**Behind each great game is a great team – and as we develop Bassmaster® Fishing
2022, we want to lift the lid on what we’re up to, and how we’re getting on. **
So, we recently had a chat with our Executive Producer, Ben Gunstone to give us
an update on how Bassmaster® Fishing 2022 is coming along. Ben is new to the
team at Dovetail Games and is a hobbyist angler. Ben has 25 years of experience
in the games industry, starting off at Nintendo, then working on multiple sports
games, and eventually moving his way through the industry on lots of great
titles, including: Virtua Tennis, Magic: The Gathering, Carmageddon, and many
So, how is development on Bassmaster® Fishing 2022 coming along?
We are sleeves up, heads down. Everyone is super focused on making sure that we
try and get all the features in that we have been trying to get in. We are at
that stage now where there are multiple different focuses on the game. So, at
the moment we are working on multiplayer and getting that working, we're also
tackling the career mode, so the single-player structure is in and working.
We're making sure that the fishing gameplay experience is both different, fun,
and better than previous games. It’s really important that the core of the game
is based around the high-octane sport of bass fishing.
We're making a sports game and the sport just happens to be fishing, we want the
competitive element to be in there from the get-go, as you’d find in any bass
fishing real-life tournament. We saw that at the Sabine River event 40,000
people went to see that live. Last year’s Bassmaster® Elite series in New York
drew in 7.2 million viewers.
What are the challenges with game development?
I've told anyone that I’ve made a game for that give me enough time and money
and I can make anything, I mean literally anything. Effectively development is a
classic triangle of time, cost, and quality, and if you pull on one it pulls on
the others. If you increase the quality of something it will take more time, or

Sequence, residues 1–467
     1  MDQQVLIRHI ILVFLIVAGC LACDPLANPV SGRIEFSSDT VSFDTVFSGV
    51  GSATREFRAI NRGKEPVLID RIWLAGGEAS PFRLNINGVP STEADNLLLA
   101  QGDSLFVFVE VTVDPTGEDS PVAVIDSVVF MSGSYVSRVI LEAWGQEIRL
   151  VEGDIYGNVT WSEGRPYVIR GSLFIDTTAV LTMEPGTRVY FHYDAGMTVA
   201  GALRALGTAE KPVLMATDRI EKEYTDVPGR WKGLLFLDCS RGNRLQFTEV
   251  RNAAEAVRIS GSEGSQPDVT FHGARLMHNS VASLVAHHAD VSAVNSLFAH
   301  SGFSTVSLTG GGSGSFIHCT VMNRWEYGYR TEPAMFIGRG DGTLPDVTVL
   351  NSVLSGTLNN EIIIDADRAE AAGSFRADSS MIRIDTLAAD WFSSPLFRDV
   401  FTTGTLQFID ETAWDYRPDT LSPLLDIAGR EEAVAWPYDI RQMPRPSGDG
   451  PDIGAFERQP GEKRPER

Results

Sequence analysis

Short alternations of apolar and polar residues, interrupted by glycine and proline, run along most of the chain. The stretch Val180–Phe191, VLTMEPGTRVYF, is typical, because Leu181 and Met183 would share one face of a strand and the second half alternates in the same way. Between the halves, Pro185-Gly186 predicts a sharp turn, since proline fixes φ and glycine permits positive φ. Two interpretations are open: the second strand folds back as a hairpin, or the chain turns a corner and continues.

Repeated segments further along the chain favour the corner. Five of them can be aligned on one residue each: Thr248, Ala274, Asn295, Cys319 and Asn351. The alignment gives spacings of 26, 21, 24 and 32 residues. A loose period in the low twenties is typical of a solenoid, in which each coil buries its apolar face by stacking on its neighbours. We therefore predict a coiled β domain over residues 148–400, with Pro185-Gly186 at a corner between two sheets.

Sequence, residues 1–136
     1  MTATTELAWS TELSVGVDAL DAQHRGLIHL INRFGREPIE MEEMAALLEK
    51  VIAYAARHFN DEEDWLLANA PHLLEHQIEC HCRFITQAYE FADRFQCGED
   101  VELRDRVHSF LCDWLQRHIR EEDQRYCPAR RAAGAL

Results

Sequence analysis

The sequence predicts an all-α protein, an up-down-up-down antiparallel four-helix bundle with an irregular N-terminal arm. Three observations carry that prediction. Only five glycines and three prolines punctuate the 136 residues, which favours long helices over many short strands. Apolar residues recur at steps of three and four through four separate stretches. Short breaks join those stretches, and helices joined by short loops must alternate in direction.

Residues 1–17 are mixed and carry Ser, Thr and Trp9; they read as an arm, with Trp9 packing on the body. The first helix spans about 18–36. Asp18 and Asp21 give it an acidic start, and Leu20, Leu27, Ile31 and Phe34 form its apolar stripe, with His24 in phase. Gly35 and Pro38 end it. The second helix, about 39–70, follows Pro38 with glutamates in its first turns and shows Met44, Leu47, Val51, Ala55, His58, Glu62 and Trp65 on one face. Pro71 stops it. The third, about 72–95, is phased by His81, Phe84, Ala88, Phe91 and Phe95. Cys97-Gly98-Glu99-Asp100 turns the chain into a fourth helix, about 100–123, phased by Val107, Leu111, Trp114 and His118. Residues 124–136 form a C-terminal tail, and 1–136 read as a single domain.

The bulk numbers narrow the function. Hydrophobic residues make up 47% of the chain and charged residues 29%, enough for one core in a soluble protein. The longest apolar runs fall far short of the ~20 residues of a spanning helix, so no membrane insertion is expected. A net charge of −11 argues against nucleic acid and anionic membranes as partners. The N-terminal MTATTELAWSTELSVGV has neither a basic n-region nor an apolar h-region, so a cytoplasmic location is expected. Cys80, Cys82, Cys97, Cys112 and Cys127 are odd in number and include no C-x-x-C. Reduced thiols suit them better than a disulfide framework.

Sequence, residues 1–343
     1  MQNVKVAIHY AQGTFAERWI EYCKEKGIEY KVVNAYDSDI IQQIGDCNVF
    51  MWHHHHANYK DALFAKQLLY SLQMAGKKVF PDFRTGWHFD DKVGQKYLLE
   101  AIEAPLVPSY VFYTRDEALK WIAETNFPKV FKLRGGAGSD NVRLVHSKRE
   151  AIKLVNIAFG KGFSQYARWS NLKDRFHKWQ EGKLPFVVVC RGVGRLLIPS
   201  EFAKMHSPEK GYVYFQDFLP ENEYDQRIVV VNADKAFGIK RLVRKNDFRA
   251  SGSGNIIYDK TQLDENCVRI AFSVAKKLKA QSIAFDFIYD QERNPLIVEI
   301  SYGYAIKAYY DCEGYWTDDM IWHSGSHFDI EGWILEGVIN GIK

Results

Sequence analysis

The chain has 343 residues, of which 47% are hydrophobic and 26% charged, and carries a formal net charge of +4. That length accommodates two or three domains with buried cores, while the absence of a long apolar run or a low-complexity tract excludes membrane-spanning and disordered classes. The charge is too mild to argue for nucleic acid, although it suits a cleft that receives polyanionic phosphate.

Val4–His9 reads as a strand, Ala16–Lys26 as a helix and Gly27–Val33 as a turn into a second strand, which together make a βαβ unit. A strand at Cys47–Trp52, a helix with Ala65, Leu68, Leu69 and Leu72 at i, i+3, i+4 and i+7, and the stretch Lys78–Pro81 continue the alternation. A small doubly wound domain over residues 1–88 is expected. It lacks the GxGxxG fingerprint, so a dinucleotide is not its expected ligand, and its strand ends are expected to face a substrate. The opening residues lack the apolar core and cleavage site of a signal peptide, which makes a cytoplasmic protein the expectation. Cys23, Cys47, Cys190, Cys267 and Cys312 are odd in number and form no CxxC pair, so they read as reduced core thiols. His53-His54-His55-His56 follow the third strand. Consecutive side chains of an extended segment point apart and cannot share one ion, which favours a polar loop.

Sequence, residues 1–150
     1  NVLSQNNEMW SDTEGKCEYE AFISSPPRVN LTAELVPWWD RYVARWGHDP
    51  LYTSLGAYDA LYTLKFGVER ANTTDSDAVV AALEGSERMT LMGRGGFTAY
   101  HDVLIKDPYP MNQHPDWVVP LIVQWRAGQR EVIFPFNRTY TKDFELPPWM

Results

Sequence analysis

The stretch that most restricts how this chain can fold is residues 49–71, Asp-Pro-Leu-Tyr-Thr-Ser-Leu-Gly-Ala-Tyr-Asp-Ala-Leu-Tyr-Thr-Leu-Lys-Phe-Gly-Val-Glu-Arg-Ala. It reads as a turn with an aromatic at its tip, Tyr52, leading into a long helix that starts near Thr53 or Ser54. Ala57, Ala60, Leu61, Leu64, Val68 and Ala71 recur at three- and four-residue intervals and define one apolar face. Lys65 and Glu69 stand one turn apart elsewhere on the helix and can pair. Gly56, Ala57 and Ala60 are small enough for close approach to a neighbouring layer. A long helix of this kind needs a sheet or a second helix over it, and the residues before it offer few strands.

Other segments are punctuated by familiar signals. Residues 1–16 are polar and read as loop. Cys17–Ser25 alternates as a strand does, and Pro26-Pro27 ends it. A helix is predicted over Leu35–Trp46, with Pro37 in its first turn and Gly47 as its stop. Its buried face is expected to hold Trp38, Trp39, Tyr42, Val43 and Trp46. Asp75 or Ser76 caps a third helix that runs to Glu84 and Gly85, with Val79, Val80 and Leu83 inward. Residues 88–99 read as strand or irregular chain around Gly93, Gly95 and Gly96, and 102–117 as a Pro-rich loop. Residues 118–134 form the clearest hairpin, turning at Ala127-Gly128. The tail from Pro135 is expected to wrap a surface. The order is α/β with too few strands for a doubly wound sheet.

if you reduce the time it's going to reduce the cost, but it also reduces the
quality at the same time. They are all intrinsically linked together, and that
compromise is finding that balance between those three points continually. You
balance and make decisions on that triangle all the way through development and
those decisions have more pressure and more consequences the closer you get
towards the end, because you’re running out of time!
Every game is the sum of the compromises you've had to make to get it out the
door. You can take that as a negative or a positive, I think every single game
I've ever worked on everyone has wild and wonderful dreams at the start of it.
The best part of making a game is the first month when you are just deep in
design, and you just come up with all these great ideas and it is just such fun.
Then you spend the next number of months or years, depending how big the game
is, slowly whittling that down until you find the core experience that you
really want, that grips players and provides that enjoyment we all hope to
achieve from a game.
A lot of work is going into the multiplayer side of the game, can you tell us
First up, it’s all completely new! We used to use a peer-to-peer system which is
a multi-player system where when you set up a game, you become the host on your
console or pc, and you invite players to join you.
This meant that you were the host, data goes backwards and forwards. Then we
have something called ‘host migration’, so if you dropped out, another connected
player would turn into the host but when everyone quits, that session ends.
Bassmaster® Fishing 2022 will have a dedicated server system, so there will